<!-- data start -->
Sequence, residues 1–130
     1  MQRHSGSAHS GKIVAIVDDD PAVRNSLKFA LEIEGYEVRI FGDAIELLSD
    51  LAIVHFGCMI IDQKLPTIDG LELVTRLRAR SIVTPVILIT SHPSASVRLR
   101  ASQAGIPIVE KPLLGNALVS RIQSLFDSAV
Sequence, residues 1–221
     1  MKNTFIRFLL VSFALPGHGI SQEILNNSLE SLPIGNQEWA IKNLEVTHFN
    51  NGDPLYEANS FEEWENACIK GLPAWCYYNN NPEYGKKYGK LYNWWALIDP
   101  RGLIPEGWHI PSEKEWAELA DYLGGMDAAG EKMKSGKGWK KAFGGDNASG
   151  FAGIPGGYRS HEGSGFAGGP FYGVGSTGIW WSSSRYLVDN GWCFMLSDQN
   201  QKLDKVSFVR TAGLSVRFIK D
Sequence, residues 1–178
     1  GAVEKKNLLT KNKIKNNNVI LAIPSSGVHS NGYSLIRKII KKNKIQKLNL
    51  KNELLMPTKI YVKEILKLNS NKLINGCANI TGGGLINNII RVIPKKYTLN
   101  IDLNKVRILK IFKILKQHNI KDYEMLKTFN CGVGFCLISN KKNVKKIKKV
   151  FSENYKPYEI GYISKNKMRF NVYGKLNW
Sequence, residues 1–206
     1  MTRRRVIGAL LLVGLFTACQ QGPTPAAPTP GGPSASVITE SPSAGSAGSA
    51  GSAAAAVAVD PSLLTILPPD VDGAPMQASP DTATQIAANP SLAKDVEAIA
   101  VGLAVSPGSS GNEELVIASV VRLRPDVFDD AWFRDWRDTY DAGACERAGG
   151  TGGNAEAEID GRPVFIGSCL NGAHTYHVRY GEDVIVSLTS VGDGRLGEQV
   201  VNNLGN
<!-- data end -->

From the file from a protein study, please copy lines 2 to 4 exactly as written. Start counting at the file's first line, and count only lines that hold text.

     1  MQRHSGSAHS GKIVAIVDDD PAVRNSLKFA LEIEGYEVRI FGDAIELLSD
    51  LAIVHFGCMI IDQKLPTIDG LELVTRLRAR SIVTPVILIT SHPSASVRLR
   101  ASQAGIPIVE KPLLGNALVS RIQSLFDSAV